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Tropical Air Microbiome Analysis Reveals Daily Cycle, Environmental Drivers

NEW YORK – A team from Singapore and Brazil has started characterizing the microbial genes and representatives in air samples collected over time from a tropical environment in Singapore, identifying day-to-night swings in microbiome diversity and content.

"[T]he majority of the dynamics in taxa composition occur within [24 hours], but not across days, weeks, or months," first author Elena Gusareva, a post-doctoral researcher at the Nanyang Technological University's Singapore Centre for Environmental Life Sciences Engineering, and her colleagues wrote in their Proceedings of the National Academy of Sciences paper, noting that "[e]nvironmental parameters are the main drivers for the observed phenomenon, with temperature being the most important one."

The researchers used metagenomic sequencing to assess nearly 800 samples collected every two hours over almost a week at three-month intervals for more than a year at a tropical site in Singapore. Along with relatively high fungal representation in the air samples, they uncovered reproducible cycles in communities, with microbial diversity reaching a peak during the day and bacterial abundance apparently declining at night.

With deep metagenomic sequencing, the researchers assessed the microbial representatives and gene collections present in 795 samples collected at an outdoor site during the sampling period, representing a dozen samples each day for five-day cycles spread three months apart. Over this period, they noted, the sampling site went through two monsoon seasons as well as dry seasons.

Using some 330 million reads generated from these samples, the team identified a core set of 725 microbial species that turned up consistently over time, though only a fraction of the metagenomic sequences — between 9 and 17 percent — were successfully matched up with known microbial taxa.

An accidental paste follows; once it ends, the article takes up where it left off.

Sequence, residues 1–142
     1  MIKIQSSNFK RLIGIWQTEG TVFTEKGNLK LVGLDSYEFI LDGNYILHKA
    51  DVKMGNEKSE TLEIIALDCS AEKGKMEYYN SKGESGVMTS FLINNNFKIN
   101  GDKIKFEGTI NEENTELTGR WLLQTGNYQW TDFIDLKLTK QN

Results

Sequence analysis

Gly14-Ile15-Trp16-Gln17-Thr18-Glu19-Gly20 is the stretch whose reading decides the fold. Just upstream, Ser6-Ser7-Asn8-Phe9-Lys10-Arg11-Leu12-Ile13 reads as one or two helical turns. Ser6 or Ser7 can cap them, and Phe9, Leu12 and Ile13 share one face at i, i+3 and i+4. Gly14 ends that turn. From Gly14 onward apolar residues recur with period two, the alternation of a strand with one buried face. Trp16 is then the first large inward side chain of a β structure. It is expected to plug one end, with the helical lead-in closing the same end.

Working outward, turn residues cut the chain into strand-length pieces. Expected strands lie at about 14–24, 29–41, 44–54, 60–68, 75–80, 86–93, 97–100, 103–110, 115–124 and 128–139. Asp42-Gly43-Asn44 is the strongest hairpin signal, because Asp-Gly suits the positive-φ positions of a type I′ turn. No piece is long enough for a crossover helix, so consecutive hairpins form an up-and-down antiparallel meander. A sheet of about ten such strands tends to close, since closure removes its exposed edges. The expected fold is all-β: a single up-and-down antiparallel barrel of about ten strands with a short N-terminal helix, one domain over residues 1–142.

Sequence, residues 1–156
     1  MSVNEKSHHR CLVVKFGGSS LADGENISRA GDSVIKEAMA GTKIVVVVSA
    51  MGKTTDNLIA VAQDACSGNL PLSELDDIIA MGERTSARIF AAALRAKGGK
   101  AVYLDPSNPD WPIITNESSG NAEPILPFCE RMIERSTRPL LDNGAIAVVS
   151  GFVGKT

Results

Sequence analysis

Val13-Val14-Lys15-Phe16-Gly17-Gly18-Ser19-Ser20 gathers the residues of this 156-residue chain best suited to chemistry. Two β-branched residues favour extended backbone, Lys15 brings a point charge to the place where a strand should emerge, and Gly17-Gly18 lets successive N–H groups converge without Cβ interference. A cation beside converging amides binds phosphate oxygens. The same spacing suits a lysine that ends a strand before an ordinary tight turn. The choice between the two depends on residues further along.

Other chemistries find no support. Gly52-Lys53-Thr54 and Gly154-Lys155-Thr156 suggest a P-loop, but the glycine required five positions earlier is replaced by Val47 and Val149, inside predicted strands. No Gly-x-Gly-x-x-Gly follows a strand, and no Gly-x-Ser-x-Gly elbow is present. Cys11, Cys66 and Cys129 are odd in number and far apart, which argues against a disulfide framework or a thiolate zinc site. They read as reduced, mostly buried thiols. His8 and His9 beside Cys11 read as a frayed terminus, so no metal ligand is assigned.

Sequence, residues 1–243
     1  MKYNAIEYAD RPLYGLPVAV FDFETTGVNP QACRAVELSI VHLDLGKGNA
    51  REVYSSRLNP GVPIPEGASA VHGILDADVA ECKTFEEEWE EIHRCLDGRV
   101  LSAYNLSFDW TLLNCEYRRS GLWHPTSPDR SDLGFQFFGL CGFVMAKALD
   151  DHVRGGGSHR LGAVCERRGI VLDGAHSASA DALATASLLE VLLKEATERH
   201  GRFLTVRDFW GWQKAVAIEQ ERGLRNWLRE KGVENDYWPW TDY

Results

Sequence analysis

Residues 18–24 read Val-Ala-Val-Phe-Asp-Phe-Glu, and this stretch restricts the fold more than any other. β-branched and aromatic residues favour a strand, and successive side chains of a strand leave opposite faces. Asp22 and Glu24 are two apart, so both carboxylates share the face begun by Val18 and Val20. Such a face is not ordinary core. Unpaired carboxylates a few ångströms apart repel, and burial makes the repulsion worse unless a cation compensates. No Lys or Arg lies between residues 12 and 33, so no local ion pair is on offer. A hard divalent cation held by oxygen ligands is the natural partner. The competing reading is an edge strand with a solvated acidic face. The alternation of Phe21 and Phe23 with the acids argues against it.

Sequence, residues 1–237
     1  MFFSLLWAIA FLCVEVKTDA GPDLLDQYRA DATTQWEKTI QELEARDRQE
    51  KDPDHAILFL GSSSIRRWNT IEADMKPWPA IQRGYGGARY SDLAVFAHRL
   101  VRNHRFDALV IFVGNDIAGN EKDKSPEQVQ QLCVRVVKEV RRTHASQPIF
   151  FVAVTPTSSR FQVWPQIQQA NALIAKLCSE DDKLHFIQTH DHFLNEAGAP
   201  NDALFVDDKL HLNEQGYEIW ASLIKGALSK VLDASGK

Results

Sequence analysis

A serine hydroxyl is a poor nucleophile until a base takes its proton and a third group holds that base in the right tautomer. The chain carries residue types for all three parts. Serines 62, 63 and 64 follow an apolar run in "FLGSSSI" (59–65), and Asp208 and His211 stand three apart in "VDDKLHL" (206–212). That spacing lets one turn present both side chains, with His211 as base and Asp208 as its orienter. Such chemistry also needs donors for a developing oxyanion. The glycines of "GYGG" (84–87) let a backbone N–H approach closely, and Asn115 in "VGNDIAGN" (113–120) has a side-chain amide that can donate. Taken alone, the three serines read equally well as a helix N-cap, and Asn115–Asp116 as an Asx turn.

Overall, the air microbiome showed pronounced microbial diversity, particularly during the day, and contained a large number of fungal representatives, the researchers reported. More than 80 percent of the reads in the samples corresponded to fungal representatives, for example, while almost 15 percent appeared to come from bacteria. Archaea were represented by less than 0.1 percent of reads, while 2.6 percent of reads seemed to stem from plant species. Even after adjusting for the relatively large size of the fungal genomes, the team estimated that an average of almost 38 percent of cells in the samples came from fungi.

"Unlike terrestrial or aquatics, where prokaryotes are prevalent, the tropical airborne biomass was dominated by DNA from eukaryotic phyla," the authors reported. "Specific fungal and bacterial species were strongly correlated with temperature, humidity, and [carbon dioxide] concentration, making them suitable biomarkers for studying the bioaerosol dynamics of the atmosphere."

By comparing the air microbiomes with those described previously in microbial communities in soil and water samples, though, the team did see some consistent themes, including apparent driver roles for environmental factors in the rise and fall of various microbial representatives in the microbiomes and the interactions between them.

Moreover, the authors suggested that the same experimental and analytical strategies outlined in the study "will inform future environmental surveys that will investigate the spatial dynamics and natural variability of airborne microbial communities."